Written by Erri De Luca; Translated by Michael Moore
Just after World War II, a young orphan living in Naples comes under the protection of Don Gaetano, the superintendent of an apartment building. He is a generous man and is very attached to the boy, telling him about the war and the liberation of the city by the Neapolitans. He teaches him to play cards, shows him how to do odd jobs for the tenants, and even initiates him into the world of sex by sending him one evening to a widow who lives in the building. But Don Gaetano possesses another gift as well: he knows how to read people’s thoughts and guesses correctly that his young friend is haunted by the image of a girl he noticed by chance behind a window during a soccer match. Years later, when the girl returns, the orphan will need Don Gaetano’s help more than ever.
Category: Fiction - Literary
“High hopes in clear language, cautions against real evil, and scenes thick with poetic sentiment - these elements fuel the warmth to be found in De Luca's brief but affecting novels.” —The National
“Tender, lyrical without apology, and intensely moving.” —Library Journal
“Full of steadfast and simple charm… while still being steadfastly aware of the larger histories that are always playing out in the backgrounds of whatever it is that charms us in a momentary idyll.” —Bookslut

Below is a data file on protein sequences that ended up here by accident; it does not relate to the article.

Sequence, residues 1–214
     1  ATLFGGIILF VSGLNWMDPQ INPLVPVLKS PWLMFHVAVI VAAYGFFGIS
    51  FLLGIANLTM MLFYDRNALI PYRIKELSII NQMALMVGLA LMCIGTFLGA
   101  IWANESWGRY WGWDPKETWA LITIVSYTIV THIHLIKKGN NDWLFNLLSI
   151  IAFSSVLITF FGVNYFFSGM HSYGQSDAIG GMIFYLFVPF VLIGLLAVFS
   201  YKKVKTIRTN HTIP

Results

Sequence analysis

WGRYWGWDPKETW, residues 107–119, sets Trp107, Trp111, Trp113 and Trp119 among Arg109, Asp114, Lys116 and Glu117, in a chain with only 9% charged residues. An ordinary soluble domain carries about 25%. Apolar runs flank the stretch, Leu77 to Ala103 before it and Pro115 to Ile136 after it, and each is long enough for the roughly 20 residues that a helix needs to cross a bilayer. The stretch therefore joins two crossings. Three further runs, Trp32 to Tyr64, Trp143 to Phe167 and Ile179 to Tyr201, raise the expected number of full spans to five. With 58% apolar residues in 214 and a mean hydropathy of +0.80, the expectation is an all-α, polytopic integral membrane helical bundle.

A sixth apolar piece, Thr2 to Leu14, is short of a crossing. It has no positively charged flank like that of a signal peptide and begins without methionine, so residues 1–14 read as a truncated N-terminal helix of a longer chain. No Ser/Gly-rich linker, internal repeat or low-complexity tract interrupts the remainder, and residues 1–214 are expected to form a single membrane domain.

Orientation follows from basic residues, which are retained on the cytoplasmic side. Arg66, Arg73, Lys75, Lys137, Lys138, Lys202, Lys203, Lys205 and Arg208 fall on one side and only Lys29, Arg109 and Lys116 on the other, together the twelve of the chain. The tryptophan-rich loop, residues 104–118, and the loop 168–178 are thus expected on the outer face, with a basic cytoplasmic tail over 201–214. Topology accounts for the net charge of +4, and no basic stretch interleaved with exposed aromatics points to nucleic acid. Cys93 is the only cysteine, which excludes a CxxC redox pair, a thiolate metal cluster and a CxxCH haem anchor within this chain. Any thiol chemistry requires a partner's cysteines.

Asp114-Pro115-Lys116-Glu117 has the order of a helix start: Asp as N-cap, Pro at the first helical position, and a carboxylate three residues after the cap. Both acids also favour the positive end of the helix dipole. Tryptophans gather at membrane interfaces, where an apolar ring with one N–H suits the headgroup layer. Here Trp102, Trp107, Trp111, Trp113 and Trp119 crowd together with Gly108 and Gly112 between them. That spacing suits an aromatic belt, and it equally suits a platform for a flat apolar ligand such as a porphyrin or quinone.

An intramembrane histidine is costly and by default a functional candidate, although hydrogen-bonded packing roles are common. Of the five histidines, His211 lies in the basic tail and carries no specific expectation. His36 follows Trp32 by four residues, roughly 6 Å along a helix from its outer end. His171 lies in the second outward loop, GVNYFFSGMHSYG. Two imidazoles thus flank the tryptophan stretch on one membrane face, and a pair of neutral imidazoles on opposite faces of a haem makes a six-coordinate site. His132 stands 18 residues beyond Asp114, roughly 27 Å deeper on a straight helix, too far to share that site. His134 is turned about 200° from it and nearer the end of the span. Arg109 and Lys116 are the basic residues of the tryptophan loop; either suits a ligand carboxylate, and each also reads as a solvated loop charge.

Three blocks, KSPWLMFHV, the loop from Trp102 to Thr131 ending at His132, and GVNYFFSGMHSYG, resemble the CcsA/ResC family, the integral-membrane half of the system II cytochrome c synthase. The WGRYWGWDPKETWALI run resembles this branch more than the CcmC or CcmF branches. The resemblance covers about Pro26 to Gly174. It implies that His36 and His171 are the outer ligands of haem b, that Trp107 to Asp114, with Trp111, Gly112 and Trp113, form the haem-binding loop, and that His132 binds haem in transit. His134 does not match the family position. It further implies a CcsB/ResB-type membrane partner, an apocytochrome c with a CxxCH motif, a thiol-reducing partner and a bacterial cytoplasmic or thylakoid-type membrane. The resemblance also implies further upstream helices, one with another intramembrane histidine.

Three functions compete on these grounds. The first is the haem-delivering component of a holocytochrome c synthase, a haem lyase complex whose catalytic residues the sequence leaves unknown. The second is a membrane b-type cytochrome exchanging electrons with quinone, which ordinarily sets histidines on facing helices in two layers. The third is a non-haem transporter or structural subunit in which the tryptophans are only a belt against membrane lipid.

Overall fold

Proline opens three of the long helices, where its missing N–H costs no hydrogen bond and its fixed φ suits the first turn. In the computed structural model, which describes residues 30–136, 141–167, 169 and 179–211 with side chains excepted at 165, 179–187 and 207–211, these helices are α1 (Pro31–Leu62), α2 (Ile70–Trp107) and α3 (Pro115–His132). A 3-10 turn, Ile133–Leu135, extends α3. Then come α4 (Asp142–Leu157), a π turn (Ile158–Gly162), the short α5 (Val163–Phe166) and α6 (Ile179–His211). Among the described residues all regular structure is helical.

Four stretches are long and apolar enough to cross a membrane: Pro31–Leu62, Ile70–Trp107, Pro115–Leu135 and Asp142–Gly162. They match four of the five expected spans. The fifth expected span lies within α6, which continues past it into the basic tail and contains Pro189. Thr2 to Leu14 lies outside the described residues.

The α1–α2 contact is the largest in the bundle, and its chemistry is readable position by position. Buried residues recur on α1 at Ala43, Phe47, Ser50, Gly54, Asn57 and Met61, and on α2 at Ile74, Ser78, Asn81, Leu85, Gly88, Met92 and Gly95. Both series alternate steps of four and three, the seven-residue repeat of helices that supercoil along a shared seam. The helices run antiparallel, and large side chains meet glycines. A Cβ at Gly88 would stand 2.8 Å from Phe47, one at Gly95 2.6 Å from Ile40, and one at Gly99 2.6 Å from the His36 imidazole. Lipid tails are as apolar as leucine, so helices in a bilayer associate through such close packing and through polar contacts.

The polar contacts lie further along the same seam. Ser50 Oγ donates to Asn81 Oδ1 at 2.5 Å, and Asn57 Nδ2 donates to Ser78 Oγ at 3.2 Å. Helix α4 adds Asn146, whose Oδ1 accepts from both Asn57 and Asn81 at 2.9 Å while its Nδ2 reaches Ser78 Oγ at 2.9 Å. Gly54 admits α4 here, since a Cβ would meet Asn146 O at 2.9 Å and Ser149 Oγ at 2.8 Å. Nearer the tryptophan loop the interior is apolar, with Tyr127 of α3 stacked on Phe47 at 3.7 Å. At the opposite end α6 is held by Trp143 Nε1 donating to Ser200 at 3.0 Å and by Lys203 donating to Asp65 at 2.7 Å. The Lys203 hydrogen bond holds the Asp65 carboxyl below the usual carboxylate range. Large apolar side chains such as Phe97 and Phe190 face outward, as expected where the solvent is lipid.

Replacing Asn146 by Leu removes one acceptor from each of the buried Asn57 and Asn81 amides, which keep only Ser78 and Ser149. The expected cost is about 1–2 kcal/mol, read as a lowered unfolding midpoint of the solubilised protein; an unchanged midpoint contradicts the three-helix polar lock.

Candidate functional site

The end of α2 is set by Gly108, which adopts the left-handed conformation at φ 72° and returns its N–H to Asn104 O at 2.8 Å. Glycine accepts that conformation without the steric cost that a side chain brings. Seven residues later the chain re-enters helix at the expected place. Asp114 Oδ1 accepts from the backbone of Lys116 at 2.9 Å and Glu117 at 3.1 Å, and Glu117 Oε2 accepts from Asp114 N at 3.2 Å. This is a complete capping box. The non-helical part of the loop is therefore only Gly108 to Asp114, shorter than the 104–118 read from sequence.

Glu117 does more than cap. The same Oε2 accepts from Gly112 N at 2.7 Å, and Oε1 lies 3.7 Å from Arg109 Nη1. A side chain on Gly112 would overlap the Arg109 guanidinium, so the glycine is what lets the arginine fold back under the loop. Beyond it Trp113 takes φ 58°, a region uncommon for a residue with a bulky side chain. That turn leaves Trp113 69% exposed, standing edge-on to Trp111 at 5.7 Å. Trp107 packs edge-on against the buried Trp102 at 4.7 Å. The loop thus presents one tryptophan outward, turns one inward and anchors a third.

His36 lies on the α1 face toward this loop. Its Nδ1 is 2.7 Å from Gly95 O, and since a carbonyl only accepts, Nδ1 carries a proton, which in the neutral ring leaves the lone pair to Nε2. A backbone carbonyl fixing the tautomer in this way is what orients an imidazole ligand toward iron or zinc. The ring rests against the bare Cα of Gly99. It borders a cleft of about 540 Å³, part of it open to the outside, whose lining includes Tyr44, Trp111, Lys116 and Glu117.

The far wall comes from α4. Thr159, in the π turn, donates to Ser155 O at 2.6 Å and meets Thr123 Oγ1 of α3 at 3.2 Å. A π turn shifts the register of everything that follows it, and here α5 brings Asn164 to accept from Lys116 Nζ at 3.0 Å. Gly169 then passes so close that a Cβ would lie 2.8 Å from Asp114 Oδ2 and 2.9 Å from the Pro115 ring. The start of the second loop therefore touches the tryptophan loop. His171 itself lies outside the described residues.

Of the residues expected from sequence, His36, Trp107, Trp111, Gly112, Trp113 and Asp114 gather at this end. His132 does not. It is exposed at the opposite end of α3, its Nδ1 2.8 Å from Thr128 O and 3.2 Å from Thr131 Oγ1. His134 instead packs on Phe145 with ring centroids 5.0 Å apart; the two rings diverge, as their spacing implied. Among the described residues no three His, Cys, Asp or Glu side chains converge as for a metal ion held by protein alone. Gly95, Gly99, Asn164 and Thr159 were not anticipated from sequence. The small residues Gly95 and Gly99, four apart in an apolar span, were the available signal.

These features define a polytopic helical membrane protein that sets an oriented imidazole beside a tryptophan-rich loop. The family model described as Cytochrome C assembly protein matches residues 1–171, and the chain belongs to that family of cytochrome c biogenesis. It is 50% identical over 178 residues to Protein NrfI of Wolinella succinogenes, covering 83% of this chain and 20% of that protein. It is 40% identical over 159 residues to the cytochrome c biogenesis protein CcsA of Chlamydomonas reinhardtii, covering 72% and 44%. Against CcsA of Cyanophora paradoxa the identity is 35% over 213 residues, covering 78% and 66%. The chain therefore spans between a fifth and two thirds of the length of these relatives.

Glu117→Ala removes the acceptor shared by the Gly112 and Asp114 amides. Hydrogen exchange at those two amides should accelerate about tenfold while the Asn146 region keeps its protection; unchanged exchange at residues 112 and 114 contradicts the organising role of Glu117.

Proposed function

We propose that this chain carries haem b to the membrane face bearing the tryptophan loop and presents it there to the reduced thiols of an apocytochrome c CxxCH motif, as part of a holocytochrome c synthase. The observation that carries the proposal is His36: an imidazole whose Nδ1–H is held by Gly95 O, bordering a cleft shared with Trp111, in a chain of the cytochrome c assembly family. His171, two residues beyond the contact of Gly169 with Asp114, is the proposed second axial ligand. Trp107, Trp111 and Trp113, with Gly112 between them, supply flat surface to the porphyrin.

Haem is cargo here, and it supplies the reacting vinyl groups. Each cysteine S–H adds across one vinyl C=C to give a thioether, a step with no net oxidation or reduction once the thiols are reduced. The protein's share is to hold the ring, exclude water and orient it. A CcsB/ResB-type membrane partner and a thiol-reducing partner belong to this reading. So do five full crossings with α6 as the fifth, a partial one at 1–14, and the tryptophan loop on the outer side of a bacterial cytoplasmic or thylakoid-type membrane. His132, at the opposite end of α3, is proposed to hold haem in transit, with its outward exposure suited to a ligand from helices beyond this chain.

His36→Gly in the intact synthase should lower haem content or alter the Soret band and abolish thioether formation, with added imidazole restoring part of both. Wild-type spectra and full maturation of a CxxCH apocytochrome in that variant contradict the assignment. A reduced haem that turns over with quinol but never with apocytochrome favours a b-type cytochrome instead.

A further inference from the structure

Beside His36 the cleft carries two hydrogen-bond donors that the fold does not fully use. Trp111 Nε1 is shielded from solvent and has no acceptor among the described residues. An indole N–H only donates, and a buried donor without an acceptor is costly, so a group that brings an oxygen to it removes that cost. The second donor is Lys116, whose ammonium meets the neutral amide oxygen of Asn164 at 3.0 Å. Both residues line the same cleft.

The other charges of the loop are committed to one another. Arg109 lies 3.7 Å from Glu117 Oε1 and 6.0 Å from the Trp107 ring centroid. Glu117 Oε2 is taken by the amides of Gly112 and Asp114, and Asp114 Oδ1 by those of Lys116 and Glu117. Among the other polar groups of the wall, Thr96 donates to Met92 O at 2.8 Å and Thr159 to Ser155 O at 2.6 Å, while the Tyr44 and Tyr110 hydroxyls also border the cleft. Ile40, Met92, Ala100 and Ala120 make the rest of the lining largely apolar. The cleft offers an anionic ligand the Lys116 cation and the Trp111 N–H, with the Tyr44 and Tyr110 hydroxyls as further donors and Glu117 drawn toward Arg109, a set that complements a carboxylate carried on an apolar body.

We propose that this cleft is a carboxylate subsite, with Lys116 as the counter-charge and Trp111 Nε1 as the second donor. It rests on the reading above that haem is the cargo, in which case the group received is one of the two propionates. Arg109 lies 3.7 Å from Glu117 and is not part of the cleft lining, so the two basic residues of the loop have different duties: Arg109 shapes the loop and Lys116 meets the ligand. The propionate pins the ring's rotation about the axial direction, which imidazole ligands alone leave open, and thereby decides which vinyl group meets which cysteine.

“The Day Before Happiness is an innovatively told post-World War II thriller set in Naples. An orphan boy’s past is revealed to him in this lyrical book, and postwar Italy is arrestingly captured in these pages…One of the most moving books I have read all year.” —David Gutowski, Largeheartedboy.com
“A lyrical narrative about a thorny search for happiness.” —Kirkus Reviews
“The only true first-rate writer that the new millennium has given us for now.” –Corriere della Serra
“The story of a risky happiness, the happiness of a city in revolt, of a violent and rediscovered love.” —Avvenire
“A hymn to life, to the Resistance, to education.” —L’Alsace
Erri De Luca was born in Naples in 1950 and today lives in the countryside near Rome. He is the author of several novels, including God’s Mountain and Three Horses (Other Press). He taught himself Hebrew and translated several books of the Bible into Italian. He is the most widely read Italian author alive today as well as an international best seller.
Michael F. Moore is a New York–based translator and scholar whose previous translations
include God’s Mountain and Three Horses, both by Erri De Luca, and The Silence of the Body by Guido Ceronetti.
An angry summer, it was almost cold. In July the tip of the volcano turned white. People played its numbers at the lottery and up they came, promptly. There were big wins. The year before a cobbler had nailed four out of five. I asked Don Gaetano whether thoughts ever came to him with numbers. He made a gesture as if he were brushing away a fly. But was there an art to it? Could you learn to hear people’s thoughts?
“First of all, don’t call them people, they’re persons, each and every one. If you call them people you lose sight of the person. You can’t hear the thoughts of people, but of persons, one at a time.”
He was right, until that age I hadn’t noticed persons, it was all one people. At the doorman’s station that summer I learned to recognize the tenants. As a child the only one who mattered to me was on the third floor behind the window, I didn’t even know what her parents
looked like. She had disappeared and after that getting to know the building’s other tenants didn’t much matter to me.